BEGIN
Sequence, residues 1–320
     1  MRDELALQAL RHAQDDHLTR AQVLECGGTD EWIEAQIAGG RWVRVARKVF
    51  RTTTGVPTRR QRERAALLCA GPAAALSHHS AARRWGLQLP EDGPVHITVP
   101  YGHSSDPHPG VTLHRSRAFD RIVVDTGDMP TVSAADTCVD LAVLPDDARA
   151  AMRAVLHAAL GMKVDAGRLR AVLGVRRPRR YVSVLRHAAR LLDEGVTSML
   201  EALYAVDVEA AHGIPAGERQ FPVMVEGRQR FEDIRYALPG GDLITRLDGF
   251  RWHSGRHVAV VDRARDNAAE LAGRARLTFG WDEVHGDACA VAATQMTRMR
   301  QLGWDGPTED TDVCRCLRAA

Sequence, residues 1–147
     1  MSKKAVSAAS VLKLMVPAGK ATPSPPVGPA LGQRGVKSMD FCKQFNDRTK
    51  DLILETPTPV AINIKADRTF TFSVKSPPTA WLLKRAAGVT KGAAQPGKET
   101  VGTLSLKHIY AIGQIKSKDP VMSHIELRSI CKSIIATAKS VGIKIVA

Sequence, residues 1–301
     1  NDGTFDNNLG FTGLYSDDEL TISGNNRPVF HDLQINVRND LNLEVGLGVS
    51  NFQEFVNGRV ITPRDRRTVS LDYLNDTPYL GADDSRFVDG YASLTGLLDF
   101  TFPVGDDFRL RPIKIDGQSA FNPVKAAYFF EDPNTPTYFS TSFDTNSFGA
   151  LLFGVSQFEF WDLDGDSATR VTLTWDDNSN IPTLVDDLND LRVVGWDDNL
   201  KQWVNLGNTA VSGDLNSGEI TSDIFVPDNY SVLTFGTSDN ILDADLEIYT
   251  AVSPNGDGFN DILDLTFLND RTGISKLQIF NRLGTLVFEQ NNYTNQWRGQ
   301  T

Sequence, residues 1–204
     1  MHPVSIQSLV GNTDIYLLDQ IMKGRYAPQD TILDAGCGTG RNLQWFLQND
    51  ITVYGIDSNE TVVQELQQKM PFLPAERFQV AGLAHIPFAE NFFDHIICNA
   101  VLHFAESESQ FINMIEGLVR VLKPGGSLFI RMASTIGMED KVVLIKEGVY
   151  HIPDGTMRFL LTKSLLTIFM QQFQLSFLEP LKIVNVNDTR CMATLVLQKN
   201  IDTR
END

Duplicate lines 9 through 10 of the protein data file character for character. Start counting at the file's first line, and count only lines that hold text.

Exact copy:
Sequence, residues 1–147
     1  MSKKAVSAAS VLKLMVPAGK ATPSPPVGPA LGQRGVKSMD FCKQFNDRTK